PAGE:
Moderate and severe spinal cord contusion injuries have been extensively studied, yet much less is known about mild injuries. Mild contusions result in transient functional deficits, proceeding to near-complete recovery, but they may render the spinal cord vulnerable to future injuries. However, to date there have been no appropriate models to study the behavioral consequences, anatomical changes, and susceptibility of a mild contusion to repeated injuries, which may occur in children as well as adults during competitive sport activities. We have developed a novel mild spinal cord contusion injury model characterized by a sequence of transient functional deficits after the first injury and restoration to near-complete motor and sensory function, which is then followed up by a second injury. This model can serve not only to study the effects of repeated injuries on behavioral and anatomical changes, but also to examine the relationship between successive tissue damage and recovery of function. In the present study, we confirmed that mild thoracic spinal cord contusion, utilizing the NYU impactor device, resulted in localized tissue damage, characterized by a cystic cavity and peripheral rim of spared white matter at the injury epicenter, and rapid functional recovery to near-normal levels utilizing several behavioral tests. Repeated injury after 3weeks, when functional recovery has been completed, resulted in worsening of both motor and sensory function, which did not recover to prior levels. Anatomical analyses showed no differences in the volumes of spared white matter, lesion, or cyst, but revealed modest extension of lesion area rostral to the injury epicenter as well as an increase in inflammation and apoptosis. These studies demonstrate that a mild injury model can be used to test efficacy of treatments for repeated injuries and may serve to assist in the formulation of policies and clinical practice regarding mild SCI injury and spinal concussion.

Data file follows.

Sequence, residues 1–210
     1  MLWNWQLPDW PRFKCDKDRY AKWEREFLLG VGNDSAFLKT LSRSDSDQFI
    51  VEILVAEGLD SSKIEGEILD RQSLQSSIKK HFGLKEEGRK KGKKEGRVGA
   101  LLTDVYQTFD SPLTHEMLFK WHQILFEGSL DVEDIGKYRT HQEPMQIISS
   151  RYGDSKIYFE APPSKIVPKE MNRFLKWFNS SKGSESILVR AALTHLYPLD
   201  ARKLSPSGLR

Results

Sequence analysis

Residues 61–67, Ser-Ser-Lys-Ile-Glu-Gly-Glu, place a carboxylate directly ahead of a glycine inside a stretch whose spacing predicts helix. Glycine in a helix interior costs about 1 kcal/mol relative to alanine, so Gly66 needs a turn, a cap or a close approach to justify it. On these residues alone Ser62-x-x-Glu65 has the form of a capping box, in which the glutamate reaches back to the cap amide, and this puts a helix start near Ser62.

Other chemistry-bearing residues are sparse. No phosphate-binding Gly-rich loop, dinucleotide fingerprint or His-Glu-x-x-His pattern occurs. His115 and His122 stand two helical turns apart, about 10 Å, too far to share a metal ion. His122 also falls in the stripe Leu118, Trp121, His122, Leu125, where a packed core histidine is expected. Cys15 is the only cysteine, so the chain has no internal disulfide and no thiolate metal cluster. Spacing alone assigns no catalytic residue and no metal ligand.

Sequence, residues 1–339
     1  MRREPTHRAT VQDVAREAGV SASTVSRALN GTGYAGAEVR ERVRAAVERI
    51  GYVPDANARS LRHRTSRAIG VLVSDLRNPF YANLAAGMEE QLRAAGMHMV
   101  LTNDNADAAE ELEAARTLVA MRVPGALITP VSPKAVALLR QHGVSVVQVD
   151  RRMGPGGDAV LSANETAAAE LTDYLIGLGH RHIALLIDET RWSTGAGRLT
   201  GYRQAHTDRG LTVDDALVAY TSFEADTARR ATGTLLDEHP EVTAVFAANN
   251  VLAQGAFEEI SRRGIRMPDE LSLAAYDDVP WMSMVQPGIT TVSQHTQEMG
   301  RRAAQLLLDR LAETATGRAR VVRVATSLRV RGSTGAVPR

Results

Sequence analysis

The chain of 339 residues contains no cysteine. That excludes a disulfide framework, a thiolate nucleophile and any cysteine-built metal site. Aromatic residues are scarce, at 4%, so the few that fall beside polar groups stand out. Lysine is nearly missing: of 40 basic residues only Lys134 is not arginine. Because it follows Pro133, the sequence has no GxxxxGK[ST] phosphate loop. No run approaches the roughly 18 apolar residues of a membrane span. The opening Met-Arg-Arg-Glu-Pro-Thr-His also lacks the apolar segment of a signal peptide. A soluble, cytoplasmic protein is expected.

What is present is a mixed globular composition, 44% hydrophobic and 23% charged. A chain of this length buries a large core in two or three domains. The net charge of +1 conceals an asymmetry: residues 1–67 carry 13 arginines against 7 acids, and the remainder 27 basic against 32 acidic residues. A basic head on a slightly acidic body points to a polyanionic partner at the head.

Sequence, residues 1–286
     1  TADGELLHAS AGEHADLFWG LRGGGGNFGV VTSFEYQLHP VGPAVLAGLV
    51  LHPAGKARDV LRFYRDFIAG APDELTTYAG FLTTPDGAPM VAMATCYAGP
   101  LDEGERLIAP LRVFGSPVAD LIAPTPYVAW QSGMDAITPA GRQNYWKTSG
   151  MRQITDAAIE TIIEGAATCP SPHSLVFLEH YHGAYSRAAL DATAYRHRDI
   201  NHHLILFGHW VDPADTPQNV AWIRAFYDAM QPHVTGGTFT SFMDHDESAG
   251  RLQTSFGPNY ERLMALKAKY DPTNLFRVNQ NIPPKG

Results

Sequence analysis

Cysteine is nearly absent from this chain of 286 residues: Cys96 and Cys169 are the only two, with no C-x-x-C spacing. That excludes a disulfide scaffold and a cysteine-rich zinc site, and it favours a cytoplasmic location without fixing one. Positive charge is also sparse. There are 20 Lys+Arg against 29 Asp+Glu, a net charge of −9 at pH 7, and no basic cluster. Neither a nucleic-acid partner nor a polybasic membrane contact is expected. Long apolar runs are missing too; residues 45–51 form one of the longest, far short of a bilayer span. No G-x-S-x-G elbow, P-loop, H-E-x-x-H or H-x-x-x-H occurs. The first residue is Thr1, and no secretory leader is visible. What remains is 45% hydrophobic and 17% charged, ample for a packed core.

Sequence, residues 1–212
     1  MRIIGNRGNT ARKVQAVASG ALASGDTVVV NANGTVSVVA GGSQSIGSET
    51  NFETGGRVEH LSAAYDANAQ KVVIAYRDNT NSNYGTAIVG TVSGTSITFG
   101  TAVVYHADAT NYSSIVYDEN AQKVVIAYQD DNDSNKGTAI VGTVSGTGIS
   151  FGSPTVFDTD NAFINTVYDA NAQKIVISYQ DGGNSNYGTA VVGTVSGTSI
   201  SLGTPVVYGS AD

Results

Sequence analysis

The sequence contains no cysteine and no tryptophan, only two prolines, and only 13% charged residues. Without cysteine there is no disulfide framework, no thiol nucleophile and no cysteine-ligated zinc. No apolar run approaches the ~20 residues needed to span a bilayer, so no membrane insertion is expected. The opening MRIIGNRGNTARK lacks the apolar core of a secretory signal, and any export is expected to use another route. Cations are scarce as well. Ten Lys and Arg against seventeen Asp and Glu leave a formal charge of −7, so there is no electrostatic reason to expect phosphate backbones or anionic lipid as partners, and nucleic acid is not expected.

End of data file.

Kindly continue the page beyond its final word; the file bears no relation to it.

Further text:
Keywords: Anatomical analysis; Behavioral analysis; Repeated CNS injury; Spinal cord injury.
Copyright © 2014 Elsevier Inc. All rights reserved.